Gambling is an activity that involves placing something of value on a random event with the hope of winning. It is a common recreational activity, but it can also be addictive and lead to serious problems. Gambling is illegal in many countries, but it can be legalized and regulated in some places.
In the past, the psychiatric community generally viewed pathological gambling as more of a compulsion than an addiction—a behavior primarily motivated by a need to relieve anxiety rather than a craving for intense pleasure. However, in the 1980s while updating the Diagnostic and Statistical Manual of Mental Disorders (DSM), the APA decided to categorize pathological gambling as an impulse-control disorder—a fuzzy label for a group of somewhat related illnesses that also included kleptomania, pyromania, and trichotillomania (hair pulling).
While some people gamble only occasionally or for small amounts, others become compulsive gamblers and spend large amounts of money they can’t afford to lose. In some cases, this can even affect their families. It is estimated that anywhere from 1 to 5 percent of adults have gambling disorders and are considered problem gamblers. These gamblers can ruin their lives by running up huge debts and spending their personal savings. They can also damage their significant other’s health and well-being, and are more likely to be victims or perpetrators of interpersonal violence.
Despite the negative impact on individuals, some studies have claimed that gambling can be beneficial for society. For example, they argue that it can attract tourism and generate tax revenue. They also point out that gambling creates jobs in the industry, such as bookmakers, racehorse trainers and breeders, jockeys, and racing stewards. However, opponents of gambling argue that these benefits are negated by the harm caused by problem gamblers.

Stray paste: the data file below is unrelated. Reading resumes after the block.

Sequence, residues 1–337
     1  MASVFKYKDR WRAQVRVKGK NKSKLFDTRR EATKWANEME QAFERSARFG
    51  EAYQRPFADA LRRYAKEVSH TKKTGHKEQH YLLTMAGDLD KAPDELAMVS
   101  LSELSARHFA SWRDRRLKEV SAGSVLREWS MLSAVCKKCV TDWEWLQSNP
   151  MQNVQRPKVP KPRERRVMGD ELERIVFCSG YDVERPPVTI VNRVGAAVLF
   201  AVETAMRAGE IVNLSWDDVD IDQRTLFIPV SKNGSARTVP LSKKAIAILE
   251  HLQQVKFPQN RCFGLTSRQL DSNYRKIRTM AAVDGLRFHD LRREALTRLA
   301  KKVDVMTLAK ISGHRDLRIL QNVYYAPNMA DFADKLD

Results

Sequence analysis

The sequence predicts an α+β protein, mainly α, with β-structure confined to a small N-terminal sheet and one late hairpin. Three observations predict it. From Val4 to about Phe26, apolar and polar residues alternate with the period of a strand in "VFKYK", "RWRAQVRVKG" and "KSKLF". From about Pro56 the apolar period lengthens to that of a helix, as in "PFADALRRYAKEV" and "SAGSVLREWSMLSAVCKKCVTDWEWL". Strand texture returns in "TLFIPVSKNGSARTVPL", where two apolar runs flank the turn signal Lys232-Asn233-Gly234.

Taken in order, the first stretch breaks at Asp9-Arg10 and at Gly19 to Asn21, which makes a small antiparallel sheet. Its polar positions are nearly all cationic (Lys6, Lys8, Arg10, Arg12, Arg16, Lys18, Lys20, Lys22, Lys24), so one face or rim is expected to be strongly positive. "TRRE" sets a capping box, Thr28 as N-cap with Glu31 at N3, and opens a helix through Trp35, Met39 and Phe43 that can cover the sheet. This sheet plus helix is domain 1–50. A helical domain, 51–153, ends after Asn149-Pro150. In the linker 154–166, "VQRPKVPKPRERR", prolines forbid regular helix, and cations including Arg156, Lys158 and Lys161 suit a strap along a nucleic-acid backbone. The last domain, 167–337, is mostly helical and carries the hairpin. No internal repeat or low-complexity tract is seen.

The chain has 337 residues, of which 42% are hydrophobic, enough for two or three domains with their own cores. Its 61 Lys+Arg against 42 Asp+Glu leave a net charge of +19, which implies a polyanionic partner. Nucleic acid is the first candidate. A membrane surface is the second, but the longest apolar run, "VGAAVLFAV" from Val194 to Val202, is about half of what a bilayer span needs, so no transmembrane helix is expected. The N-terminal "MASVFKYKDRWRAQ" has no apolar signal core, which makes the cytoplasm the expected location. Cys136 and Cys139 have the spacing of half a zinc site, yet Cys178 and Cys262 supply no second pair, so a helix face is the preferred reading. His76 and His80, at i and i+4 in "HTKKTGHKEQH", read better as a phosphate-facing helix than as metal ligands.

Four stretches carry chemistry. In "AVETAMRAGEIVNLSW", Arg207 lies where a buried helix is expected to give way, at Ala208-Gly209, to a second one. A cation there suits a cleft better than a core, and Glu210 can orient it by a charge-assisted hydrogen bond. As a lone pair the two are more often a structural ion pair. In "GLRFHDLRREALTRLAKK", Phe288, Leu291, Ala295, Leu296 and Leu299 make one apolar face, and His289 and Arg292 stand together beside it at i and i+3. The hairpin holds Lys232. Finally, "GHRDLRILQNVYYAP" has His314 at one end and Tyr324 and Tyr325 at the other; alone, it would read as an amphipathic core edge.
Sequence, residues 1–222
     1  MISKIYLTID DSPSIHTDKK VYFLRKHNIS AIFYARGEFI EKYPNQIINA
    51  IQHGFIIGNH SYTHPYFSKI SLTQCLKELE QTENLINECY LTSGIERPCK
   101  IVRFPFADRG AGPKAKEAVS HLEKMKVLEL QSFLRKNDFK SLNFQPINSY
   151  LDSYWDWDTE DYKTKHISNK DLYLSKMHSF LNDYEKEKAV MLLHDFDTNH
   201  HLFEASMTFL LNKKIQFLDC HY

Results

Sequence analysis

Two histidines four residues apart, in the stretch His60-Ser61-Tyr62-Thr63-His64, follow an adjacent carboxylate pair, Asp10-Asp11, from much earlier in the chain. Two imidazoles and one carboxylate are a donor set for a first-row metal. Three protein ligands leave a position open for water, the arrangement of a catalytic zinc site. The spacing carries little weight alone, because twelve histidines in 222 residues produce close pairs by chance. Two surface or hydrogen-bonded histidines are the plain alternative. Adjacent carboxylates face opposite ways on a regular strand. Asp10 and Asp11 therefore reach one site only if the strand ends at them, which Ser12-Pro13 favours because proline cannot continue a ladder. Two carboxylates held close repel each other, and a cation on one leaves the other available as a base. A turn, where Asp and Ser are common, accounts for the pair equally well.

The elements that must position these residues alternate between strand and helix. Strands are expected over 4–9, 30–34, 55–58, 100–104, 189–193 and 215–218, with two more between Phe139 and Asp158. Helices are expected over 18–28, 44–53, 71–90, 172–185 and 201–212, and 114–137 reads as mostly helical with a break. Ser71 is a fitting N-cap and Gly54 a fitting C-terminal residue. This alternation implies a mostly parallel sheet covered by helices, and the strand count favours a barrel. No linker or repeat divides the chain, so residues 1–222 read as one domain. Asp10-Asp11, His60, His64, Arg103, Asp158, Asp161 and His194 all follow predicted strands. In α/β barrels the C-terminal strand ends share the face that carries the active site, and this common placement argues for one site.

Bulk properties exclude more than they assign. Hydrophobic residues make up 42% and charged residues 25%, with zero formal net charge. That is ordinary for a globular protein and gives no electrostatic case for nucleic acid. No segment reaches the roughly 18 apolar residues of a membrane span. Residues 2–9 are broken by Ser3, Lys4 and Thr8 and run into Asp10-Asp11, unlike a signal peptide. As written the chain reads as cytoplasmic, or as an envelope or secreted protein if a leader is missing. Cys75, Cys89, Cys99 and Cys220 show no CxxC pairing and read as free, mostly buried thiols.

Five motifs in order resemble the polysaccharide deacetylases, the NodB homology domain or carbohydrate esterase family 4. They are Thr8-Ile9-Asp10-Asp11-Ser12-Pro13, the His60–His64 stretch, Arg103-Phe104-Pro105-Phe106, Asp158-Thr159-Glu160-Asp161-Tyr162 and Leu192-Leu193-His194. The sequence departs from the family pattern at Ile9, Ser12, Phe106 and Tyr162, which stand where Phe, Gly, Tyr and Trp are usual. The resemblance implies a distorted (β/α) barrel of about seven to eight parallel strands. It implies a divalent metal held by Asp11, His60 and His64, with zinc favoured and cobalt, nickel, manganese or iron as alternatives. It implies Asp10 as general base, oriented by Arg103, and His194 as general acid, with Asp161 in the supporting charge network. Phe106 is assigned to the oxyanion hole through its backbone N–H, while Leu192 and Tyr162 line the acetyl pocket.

Gambling impacts can be structured using a model that divides them into positive and negative effects—costs and benefits. These costs and benefits are categorized into three classes: financial, labor and health, and well-being. They manifest on personal, interpersonal, and societal/community levels.
The financial impacts of gambling include changes in income and expenditures, revenues, and economic growth. The labor and health impacts are the negative effects that gambling has on workers, including reduced productivity, absenteeism, poor performance, and job losses. Well-being impacts are the positive changes that gambling has on a person’s health and quality of life, such as an increased sense of enjoyment.
Most gambling research has focused on measuring the economic costs and benefits of gambling, which are easily quantifiable. However, this approach fails to consider the social impacts of gambling. This type of research is necessary to determine whether the benefits of gambling outweigh its social costs. This research can be conducted from a variety of perspectives, such as a cost-benefit analysis or a public health perspective. This approach can also be used to discover social costs that are not easily measured or monetized, such as a decrease in a gambler’s health-related quality of life. This information can help policymakers to make better decisions regarding the future of gambling.